The House of Mary, Mother of Jesus

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House of Mary on Nightingale Mountain (Bulbul Dagi)

 

Before traveling to Ephesus in present day Turkey this past fall, I learned that the Catholic Church believes that the actual site of Mary’s house has been found. Popes have even visited it and now over a million visitors tour the little structure every year. Since I was in the area I might as well visit, right?

So I began studying how in the world the Catholics were so certain that the actual house of Mary had been found. Can we trace what happened to Jesus’ mom after the crucifixion? The last we hear of her in the New Testament is in the Gospel of John:

Now there was standing by the cross of Jesus his mother and his mother’s sister, Mary of Cleophas, and Mary Magdalene. When Jesus, therefore, saw his mother and the disciple standing by, whom he loved, he said to his mother, ‘Woman, behold thy son.’ Then he said to the disciple, ‘Behold thy mother.’ And from that hour the disciple took her unto his home.” John 19:25-27

Many have speculated that this unnamed disciple was John the son of Zebedee. Furthermore, this John is widely believed to have written the Gospel of John as well as Revelations. Most scholars find weighty arguments against this claim since the son of Zebedee was a fisherman and unable to write (Acts 4:13). Regardless, early church writers affirmed that he moved with Mary to Ephesus where he lived to an old age and died peacefully. The early Christian community in Ephesus kept alive the memory of Mary’s residence there, eventually building a church dedicated to her in the fourth century C.E.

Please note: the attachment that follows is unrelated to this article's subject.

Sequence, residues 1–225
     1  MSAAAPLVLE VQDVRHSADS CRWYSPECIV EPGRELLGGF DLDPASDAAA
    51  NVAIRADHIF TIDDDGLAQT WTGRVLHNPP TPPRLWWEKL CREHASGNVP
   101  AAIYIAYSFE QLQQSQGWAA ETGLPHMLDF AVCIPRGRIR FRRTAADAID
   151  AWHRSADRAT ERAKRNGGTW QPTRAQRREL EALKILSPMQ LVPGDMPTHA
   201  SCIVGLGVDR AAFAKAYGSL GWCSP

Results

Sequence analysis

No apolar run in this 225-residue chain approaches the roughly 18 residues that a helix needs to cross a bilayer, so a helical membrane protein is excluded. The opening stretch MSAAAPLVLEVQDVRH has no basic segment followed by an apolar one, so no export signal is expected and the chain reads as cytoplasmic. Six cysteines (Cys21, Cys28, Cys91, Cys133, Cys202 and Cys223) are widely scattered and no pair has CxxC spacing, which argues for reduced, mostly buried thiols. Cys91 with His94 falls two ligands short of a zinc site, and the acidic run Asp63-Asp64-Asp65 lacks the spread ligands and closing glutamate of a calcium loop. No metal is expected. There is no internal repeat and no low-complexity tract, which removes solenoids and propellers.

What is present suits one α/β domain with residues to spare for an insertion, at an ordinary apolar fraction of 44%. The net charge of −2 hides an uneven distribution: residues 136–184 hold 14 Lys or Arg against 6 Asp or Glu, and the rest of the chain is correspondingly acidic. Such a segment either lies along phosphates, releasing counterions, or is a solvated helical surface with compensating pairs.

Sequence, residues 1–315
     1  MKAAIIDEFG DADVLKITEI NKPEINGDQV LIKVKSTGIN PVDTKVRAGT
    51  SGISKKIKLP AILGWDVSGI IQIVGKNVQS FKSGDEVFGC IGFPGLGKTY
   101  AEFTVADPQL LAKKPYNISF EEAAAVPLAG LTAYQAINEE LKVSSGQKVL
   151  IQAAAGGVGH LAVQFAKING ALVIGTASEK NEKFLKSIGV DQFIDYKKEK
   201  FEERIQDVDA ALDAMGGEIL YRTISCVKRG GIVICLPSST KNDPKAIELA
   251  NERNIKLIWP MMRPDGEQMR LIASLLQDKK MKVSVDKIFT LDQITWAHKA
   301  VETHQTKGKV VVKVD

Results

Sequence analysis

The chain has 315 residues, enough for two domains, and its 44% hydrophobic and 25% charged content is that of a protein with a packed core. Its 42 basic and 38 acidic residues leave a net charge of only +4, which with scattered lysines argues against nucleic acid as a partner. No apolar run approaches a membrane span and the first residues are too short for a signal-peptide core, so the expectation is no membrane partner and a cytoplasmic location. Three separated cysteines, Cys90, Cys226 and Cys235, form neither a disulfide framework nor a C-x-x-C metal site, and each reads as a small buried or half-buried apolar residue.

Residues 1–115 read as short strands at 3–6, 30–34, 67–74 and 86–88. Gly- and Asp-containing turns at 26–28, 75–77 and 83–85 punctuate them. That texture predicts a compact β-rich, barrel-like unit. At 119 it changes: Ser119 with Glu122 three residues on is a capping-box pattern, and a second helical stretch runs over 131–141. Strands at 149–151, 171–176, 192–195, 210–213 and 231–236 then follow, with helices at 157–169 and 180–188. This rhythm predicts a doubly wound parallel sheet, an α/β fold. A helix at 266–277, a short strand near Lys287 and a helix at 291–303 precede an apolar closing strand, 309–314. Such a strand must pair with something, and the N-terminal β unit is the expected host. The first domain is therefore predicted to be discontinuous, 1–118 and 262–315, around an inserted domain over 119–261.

Nice story but then it gets weirder. In the 19th century a German nun, Katarina Emmerich, claimed that the location of the house of Mary near Ephesus was revealed to her in a dream. Based on the details described by the nun, Lazarist fathers from Izmir explored the area and found the house she described. The existing house is clearly not the home of Mary, since according to archaeological examination the house dates from Byzantine times.

However, the house is built on the remains of a much earlier structure dating from the 1st century CE. Behind the house early explorers discovered rocks with Hebrew inscriptions from Jewish settlers living on the mountain prior to the time Mary could have lived here. A part of me wants to believe with the Catholics that a small band of refugees from Jerusalem joined fellow Jews on Nightingale Mountain and one among them was Mary, the mother of Jesus.

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